Let's look at the competition to HMDs. Basically, you start with the typical computer monitor. Assume that a 15" SVGA monitor is standard these days. These monitors are capable of 1280 x 1024 color pixels. More than 1.3 million pixels (436,906 color triads), at a typical retail cost of under $400 (in the USA). That works out to 3,277 pixels per dollar.
What is the cost per pixel for an equivalent HMD? The only commercially available system that approaches that resolution is the n-Vision Datavisor 1024. It has 1024 x 800 pixels per eye (819,200 pixels), or 273,066 color triads per eye. Let's be generous and double that number, since the Datavisor includes two displays (but no tracking system). So we get 1,638,340 pixels. The cost for a Datavisor is about $75,000. So in this HMD, we get 21.8 pixels for every dollar spent. That's about 150:1 ratio of pixels per dollar between our SVGA monitor and the hi-res HMD.
Perhaps that comparison isn't quite fair. Let's look at the most popular low-cost HMD, the Virtual I/O i-glasses. The I-glasses, without tracking, costs about $600. For that we get 138,000 pixels per eye (46,000 triads), or a total of 276,000 pixels. This is a much better cost per pixel than the Datavisor: an exciting 460 pixels per dollar. This is only seven times more expensive than the monitor. I think this is the real problem. To compare favorably to the monitor, the I-glasses should cost about $85. The Datavisor ought to set you back about $500. And believe me, at those prices, HMDs would be jumping off store shelves.
On one hand, this comparison is obviously absurd. HMDs use expensive components, and there is not yet any economy of scale to help reduce their unit costs. It is still very difficult to make the LCDs used in the I-glasses, and many HMDs, in quantity, which is one reason their cost is so high. (Reported to be 90% of the cost of the I-glasses.) The high-resolution, miniature CRTs that generate the images in the Datavisor cost even more.
However, HMDs are the limiting factor in immersive VR today. By next year at this time, almost anyone will be able to afford near-RealityEngine performance, and in a PC that can be used for many other tasks as well as VR. While the cost of computing power has fallen by more than two orders of magnitude, the cost of HMDs has down much less. While tracking systems have dropped in price, and increased their range and speed, HMDs have generally reduced their fields of view, and still provide myopic, low-contrast images.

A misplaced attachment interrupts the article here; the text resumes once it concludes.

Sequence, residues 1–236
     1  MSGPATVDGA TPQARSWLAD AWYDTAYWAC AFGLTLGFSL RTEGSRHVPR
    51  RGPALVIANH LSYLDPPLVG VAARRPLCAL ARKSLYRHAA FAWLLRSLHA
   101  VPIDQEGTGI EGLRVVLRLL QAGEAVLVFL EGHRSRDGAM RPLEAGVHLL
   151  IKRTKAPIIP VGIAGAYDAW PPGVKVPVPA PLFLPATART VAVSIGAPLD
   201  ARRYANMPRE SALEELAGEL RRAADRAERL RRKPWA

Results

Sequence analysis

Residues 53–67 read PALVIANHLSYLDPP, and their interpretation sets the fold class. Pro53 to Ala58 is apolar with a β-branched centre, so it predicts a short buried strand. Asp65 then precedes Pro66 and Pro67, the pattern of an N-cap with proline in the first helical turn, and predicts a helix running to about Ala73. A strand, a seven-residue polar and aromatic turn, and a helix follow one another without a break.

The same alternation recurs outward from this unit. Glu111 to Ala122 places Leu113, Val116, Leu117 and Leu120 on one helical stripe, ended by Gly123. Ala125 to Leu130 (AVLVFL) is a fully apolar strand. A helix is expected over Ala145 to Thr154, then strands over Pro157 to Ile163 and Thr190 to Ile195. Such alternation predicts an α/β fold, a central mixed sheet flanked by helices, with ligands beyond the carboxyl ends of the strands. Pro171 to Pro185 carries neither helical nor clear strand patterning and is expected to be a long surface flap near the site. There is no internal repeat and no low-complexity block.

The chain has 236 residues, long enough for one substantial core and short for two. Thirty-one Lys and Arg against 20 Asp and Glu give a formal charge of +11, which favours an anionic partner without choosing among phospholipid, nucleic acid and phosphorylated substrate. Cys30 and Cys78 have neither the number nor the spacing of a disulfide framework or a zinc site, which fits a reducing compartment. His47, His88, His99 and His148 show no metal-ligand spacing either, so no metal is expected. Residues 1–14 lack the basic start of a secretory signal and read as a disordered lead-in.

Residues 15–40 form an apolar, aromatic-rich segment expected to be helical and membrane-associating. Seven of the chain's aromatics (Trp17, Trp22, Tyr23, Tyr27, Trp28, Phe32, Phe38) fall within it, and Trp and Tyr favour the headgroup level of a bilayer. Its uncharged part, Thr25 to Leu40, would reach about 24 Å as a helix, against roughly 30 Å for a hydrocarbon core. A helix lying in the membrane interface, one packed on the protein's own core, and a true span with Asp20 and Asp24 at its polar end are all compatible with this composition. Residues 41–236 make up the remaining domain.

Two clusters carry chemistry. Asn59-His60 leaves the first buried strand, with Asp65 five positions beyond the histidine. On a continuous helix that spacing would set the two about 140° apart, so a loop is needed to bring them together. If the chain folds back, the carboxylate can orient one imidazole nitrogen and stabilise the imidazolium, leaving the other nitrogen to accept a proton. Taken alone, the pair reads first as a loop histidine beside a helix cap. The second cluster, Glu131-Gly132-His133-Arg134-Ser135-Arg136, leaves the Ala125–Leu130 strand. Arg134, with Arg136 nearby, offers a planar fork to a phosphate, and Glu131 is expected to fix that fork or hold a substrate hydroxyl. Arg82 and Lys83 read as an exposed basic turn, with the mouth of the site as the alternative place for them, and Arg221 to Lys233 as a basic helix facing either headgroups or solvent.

Don't get me wrong. I'm emphatically NOT blaming the HMD manufacturers for these problems. I know most of them personally, and I know they would love to build $100-$500 HMDs. The bottleneck is the basic display technology itself. There are no low-cost, high-resolution displays, period. And until there are, HMDs will remain an unacceptably large part of the cost of VR.
The thrill is gone. People will not wait in line for hours to look at a grainy, low-quality image that makes their eyes cross. More importantly, the majority of corporate check writers will not pay for either low-cost, low-quality displays, or high-cost, high-res units. They can't justify the cost/benefit ratio in either case.
There is an obvious remedy to this situation. VR developers need to figure out how to make virtual worlds that contribute to business and science in such important ways that the end-users will DEMAND VR, and HMDs. We're talking applications; we're talking spending the time to show how immersion can help us do real work.
Will we see $100 HMDs at SIGGRAPH next year? I doubt it. But you can be sure that you'll see a lot of VR. Now if we could just get rid of DOOM...
Color Triads? What's that?
Many people aren't aware that the pixel rating of an HMD is not the same as its display resolution. HMD resolution is usually quoted in pixels, picture elements. In a monochrome display, each pixel is one pixel, that is, each point of light on the display is one point in the image the user sees.
Color displays are more complicated. In a color display, each point of light is one-third of a point in the image. This is due to the fact that color displays use triads – one point of light in red, green, and blue – to make each pixel in the image that is seen. When HMD manufacturers quote resolution, they usually are citing the number of individual points of light, not the pixels in the image.